beef, beefsteak, see meat beer, 17, 21, 33, 44, 92, 100, 127, 143, 168, 187, 206, 208 see also alcohol, alcoholism Belgium, 7, 19, 33, 50, 52, 53–5, 56–7, 58, 59, 60–1, 64, 95, 98 Belize, 199 beriberi, 207 Berlin, 95, 136, 203 beverages, 109, 115, 134 production, 27, 28, 31, 58, 190 bicycle, 2 biscuits, 24, 39, 44, 133 factories, 27, 31, 36, 38–40, 41 body mass index, 6–7, 17 Bordeaux, 188 Bosporus, 2 Boston, 111 Bourrillon, Henri Louis (1876–1962) and data gathering, 3 boycott, 103–4, 114 see also consumer advocacy brands, branding, 13, 24, 29, 32, 62, 79–80, 182, 190, 195 see also advertising Brazil, 201 bread, 18–19, 21, 39, 92, 124, 127, 142–4, 147, 149, 152, 160–1 black, 4, 177 and butter, 109 rye, 2, 19, 20, 21 as staff of life, 2 wheat, 19, 20, 21, 200 white, 19, 221n12 wholemeal, 173 see also baker, bakery, baking; Belgium; France breadwinner, 21 see also family brewers, brewery, 31, 32, 33, 45, 58, 99 Brillat-Savarin, Anthelme (1755–1826), 169, 170 Brooklyn, 5 Brussels, 43, 52, 54, 102, 111, 120, 131 Budapest, 133 Buddhism, 205 see also religion budget, 59 food, 2, 59, 220n2


surveys, 3, 7–8 see also Engel, Ernst Buenos Aires, 109, 133, 136 Bulgaria, 4 butchers, 35–6, 57, 92, 94, 134, 135, 147 see also Chicago; slaughtering, slaughterhouse; Villette, La butter, 29, 34, 57, 63, 76, 100–1, 143, 147 factories, 33, 63, 98 farm and industrial, 29–30, 32, 33, 63–4 trade, 57, 101 see also margarine butterine, see margarine buttermilk, 21 cabbage, 21, 149, 153 Caen, 91 café, cafeteria, see coffee-houses, coffee-shops caffeine, see stimulants Cairo, 136 cake, 11, 44, 109, 124, 133, 145, 159, 192 calorie, 13, 14, 17, 18, 19, 21, 52 Canada, 58 canning, 14, 34–5, 36, 41–3, 61, 62, 63, 110, 144 see also tins (preserved foods) canteens, 9, 108, 113–14 Carême, Marie-Antoine (1783–1833), 118, 119, 130–1, 137–8 Caribbean, see West Indies carrots, 21, 144, 160, 161, 206, 225n63 cash nexus, 11, 29, 46–7, 49, 51, 68, 107–8, 122, 124–5, 126, 202 see also market catering, 110–11, 113, 130 Catholicism, see religion cattle, 13, 38, 52, 59, 60 see also slaughtering, slaughterhouse cereals, 18, 52, 58, 60 corn flakes, 24 see also wheat Ceylon, 202 charity, 21, 89, 94, 112–13, 143, 160–2 cheese, 17, 21, 32, 34, 127, 144, 152, 162, 194–5


cherries, 60 Chicago, 36–8 chickpeas, 208 Chile, 92 China, 92, 94, 95, 117, 204–6 chocolate, 17, 44, 80–1, 187, 192, 231n139 factories, 27, 31–2 cloves, 203 cocoa, 143, 202 coconut, 133, 192 coffee, 11, 16, 24, 44, 64, 100, 109, 159, 168, 177, 201–2, 204 consumption in Germany, 18 coffee-houses, coffee-shops, 5, 109, 111, 115, 132 Coleridge, Samuel T. (1772–1834), 23 Cologne, 23 Colombié, Auguste, 140 “Columbian exchange,” 19, 181 commensality, 4–5, 87–8, 116–17, 180 see also Gemütlichkeit, meals; prison; restaurant commerce see distribution (as in commercial food); trade communication networks, 24, 25, 60, 182 condiments, 27, 208 Congo, 202 Constantinople, 2, 5, 109, 115, 125 consumer advocacy, 99, 101, 102–3 see also cooperatives consumption, 24, 50 conspicuous, 8, 87, 117, 121, 181 institutional, 13, 29, 36, 39, 42–3, 44 patterns in city and countryside, 10, 18, 20–1, 44, 126, 127, 206–7, 227n83 private, 13, 29, 42–3, 57, 141–2, 207 convenience foods, 28, 30 cook (as in chef), 117, 118–21, 128, 135 cookbooks, 9, 119–21, 131, 139, 182, 193 cookery classes, 120, 150, 222n29 cooperatives, 66, 89, 104 consumer, 9, 62–5, 103, 111 production, 62–5, 173–4 corn flakes, see cereals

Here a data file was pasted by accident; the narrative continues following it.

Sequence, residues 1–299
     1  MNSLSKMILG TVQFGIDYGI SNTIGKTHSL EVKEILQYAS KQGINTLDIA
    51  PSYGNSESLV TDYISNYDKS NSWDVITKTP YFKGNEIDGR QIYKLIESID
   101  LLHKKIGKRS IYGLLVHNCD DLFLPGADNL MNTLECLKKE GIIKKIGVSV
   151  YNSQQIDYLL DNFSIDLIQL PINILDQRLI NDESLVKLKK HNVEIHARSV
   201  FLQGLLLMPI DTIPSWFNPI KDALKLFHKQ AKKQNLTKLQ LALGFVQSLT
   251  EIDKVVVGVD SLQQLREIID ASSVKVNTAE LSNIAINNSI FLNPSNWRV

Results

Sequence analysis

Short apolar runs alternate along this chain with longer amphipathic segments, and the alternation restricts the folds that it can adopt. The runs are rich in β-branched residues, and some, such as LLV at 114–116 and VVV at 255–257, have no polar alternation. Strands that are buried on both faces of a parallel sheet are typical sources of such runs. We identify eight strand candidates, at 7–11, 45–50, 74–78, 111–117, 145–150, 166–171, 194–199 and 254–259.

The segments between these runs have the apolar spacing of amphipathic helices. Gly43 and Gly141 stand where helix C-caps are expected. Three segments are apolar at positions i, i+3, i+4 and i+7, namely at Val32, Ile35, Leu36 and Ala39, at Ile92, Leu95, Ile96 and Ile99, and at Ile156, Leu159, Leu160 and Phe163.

cost of living, 1, 3, 58–9, 61, 141–2, 220n2 see also Bourrillon, Henri Louis; Engel, Ernst; food, and income; kind of living; Meriwether, Lee cream, 17, 208 creamery, see dairy, shops critique, culinary, 120–1, 139–40, 194–5 see also gastronomy Cuba, 201 cuisine, 9, 118–19, 120, 122, 135–6, 190, 200, 206, 207–8 see also diet cure, 2, 132, 176–7 currants, see raisins curry, 201, 208 dairy, 14, 17, 18, 21, 59 production, 29, 32, 61, 63–4, 65 shops, 57, 125 see also butter; buttermilk; cheese; cream; milk dairymaid, 28 Delhi, 136, 208 Denmark, 51, 54, 55, 59, 63, 101 Dickens, Charles (1812–1870), 185, 223n51 diet, 4, 13, 18–19, 59 American, 4 Bulgarian, 4 and disease, 19, 169–70, 175–6, 182 Dutch, 21 English, 14, 225n68, 227n90 Hindu, 14 Italian, 175 Japanese, 207 peasant, 20–1, 177 prison, 177–9 Russian, 2 seasonality, 2 and temperaments, 167–9 see also consumption; meals; Meriwether, Lee; transition, nutritional dieting, 165, 171, 172, 176–7 see also cure distribution (as in commercial food), 18, 23, 24, 34–5, 50, 64–5, 127 see also retail, retailers domesticity, 127–30, 135


Driessens, Charles, 140 Dublin, 112 Dubois, Urbain (1818–1901), 118, 119, 121 Ducpétiaux, Édouard (1804–1868), 7 Dugléré, Adolphe (1805–1884), 118 Duval, Baptiste-Adolphe, 134 East, Near and Middle, 111 eating disorders, 165 eel, 11, 109, 154, 227n90 see also fish eggs, 14, 17, 109, 144, 147–8, 149, 159 Engel, Ernst (1821–1896), 6, 7 “law of Engel,” 7 Engels, Friedrich (1820–1895), 8, 184 England, 18, 20, 24–5, 28, 67–84, 92, 95, 97, 101, 117, 120, 134 calorie availability, 18 life expectancy, 22 Escoffier, Auguste (1846–1935), 118, 119, 121, 122, 128, 133, 138–9 Ethopia, 204 Europe, 2–3, 20, 22, 24, 25, 35, 44, 46, 58, 62, 64, 65, 90, 92, 110–11, 113, 115, 126, 128, 133, 138–9, 173, 188, 191, 193–4, 196, 200 exhibitions universal, 120 expert, expertise (scientific), 23, 46, 69, 70, 74–8, 82–4, 97 family, 21, 28, 187 economy, 11, 29, 57 food distribution in, 21–2, 207 see also labor market famine, 19, 88, 112, 182, 183, 186, 202 in China, 206 Finland, 19, 183 Great Famine in Ireland, 19–20, 88, 95, 112, 183–4 Madras, 186 Russia, 19, 183 farmers, see agriculture Farrell, Sophie, 129 fasting, 165, 170–3 see also dieting fat geese see meat